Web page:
Earlier this week figures showed that in the past year nearly 900,000 people have had their benefits stopped, the highest figure for any 12-month period since jobseeker's allowance was introduced in 1996. In recent months, however, 58% of those who wanted to overturn DWP sanction decisions in independent tribunals have been successful. Before 2010, the success rate of appeals was 20% or less. One welfare legal adviser said the number of appeals being lodged at independent tribunals would be decimated if the government introduced a charge.
As with the bedroom tax, only already system-abused minds could have contrived such an idea.

This is the system at its most abusive towards the poorest and most vulnerable, part of a wicked larceny to pay for mass banker bailouts and protection of the rich; a system that, whatever party is in office, forces poverty and desperation upon those with the least in order to protect those with the most.

The term 'austerity policy' is often used to describe this process. But it too is ideologically loaded and misleading, denoting a measure of hardship 'beyond the norm'; that which, whether defended as a 'necessary measure' or 'unnecessary extreme', still fixates on 'abuse of the system' rather than an actual system of abuse. In truth, the entire system is built on abusive austerity.

The commonly-used 'welfare reform' fits well here as another false and constrained term, whether in its ConDem distortion or its liberal call for less harshness in the system.  

This is where Guardian-type reformism fails as a counter discourse, as in Polly Toynbee's castigating of Iain Duncan Smith and urging Ed Miliband not to endorse George Osborne's austerity and cuts. 

While Toynbee rightly condemns the "perversity in this brutal system" of benefit assessments and sanctions, it's still but a micro-liberal view of the human effects rather than radical recognition of a more structurally abusive system, and the vital role of all neoliberal-driven parties, Labour crucially included, in sustaining it.     

A well-meaning Toynbee may be displaying admirable compassion. Yet, such plaintive appeals to corporate-serving leaders like Miliband to deliver a 'fairer deal for the poor' only reinforce the flawed notion of 'meaningful change' under this 'politically-abused-but-still-decent' system.

Other liberal minds make similar valid distinctions on abuse of the system, notably the token amounts of benefit fraud compared to mass tax fraud.

It's a fair and potent point. But even this is a false rationalisation, just another way of saying that there's still that 'problematic abuse' of the system, thereby acknowledging its basic 'neutrality' and legitimacy.

Similar system-upholding can be seen in parliamentary committee 'grilling' of top corporate tax evaders, a posturing theatre which is vital in promoting the 'bad apples' line, and feeding the myth that the system is inherently good if, alas, subject to serious 'corporate abuse'.

Never will you hear such 'public servants' suggest that corporate power and a subservient political class is collectively and systematically abusive in itself.

So, while people struggle for basic necessities, and exist on meagre benefits, a liberal commentariat can only appeal for an easing of the pain rather than radically indict the abusive system that inflicts it, thus effectively shielding the core cause of such human detritus and a landscape of despair.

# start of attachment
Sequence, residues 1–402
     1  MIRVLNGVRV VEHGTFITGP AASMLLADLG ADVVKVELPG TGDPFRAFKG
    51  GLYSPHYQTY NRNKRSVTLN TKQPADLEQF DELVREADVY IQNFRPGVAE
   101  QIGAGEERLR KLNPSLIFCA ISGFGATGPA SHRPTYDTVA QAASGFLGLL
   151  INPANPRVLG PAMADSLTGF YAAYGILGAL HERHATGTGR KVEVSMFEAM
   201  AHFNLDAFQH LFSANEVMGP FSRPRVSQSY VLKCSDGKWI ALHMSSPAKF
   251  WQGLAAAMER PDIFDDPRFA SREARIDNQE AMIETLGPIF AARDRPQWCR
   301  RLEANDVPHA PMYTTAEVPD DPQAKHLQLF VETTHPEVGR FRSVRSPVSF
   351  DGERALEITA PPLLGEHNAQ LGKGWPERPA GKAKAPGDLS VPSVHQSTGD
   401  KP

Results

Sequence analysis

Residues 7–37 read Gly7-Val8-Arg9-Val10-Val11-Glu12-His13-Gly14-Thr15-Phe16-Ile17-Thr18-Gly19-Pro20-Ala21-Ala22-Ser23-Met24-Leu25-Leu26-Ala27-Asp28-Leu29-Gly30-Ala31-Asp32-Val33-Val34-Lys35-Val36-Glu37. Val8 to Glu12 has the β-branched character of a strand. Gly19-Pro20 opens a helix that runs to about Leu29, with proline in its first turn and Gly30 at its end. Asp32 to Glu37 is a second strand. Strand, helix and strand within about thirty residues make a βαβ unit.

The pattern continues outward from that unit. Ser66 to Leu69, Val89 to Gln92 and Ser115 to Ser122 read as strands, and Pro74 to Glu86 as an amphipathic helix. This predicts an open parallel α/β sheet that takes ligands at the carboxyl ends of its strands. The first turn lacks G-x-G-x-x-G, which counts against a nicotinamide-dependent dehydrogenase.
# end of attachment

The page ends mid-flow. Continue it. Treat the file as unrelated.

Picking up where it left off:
While a system-serving media laud the vast profits of corporate grocers, people go hungry. Where's the headline discussion of a system which permits that kind of abuse?  

Recently, one of Scotland's biggest food banks was forced to close its doors after soaring demand from needy recipients saw its shelves run completely empty.

Following church leaders' denunciation of government policies, a vicar is going on hunger strike in solidarity with Britain's poor.

Food aid from the European Union has been blocked by a ConDem government, claiming this is 'interference' with its welfare policies.

For those surviving on the street and in doss houses, it's a grim existence of fear, violence and Dickensian squalor.

And, of course, the number of fragile souls driven to their deaths by a brutal government 'medical assessment' process continues to grow at an alarming rate.

With this level of organised cruelty, what kind of ideology persuades us that people are wilfully abusing the system rather than the system wantonly abusing people?

Answer: an ideology that depends on fear, suspicion and greed. 

One that urges us to deny or limit our compassion.

One that, as seen in Benefits Street, fosters ugly prejudice and pushes us to turn on struggling people like benefit claimants and immigrants.

One that has a vested interest in sustaining a top elite's enormous wealth and privilege through the fiction that, 'individual rogues' apart, the system proper is still there to facilitate all of our 'fair and competitive' aspirations.

Crucial to this is a corporate media which might 'alert' us to a certain 'corporate abuse' of the system, but never the more damning truth of the corporate system as serially abusive.

We read much about criminal and predatory abuse of people, yet rarely consider the way in which capitalism as a system is constituted, directed and managed as a criminal, predatory and abusive enterprise.

That's a pretty effective kind of hegemony; one that can still get us to believe that such a system is essentially benign and shouldn't be abused.

Which returns us to that illogical question, "Yes, but what about those who abuse the system?"

The logical answer: you can't abuse something that's already pathologically abusive.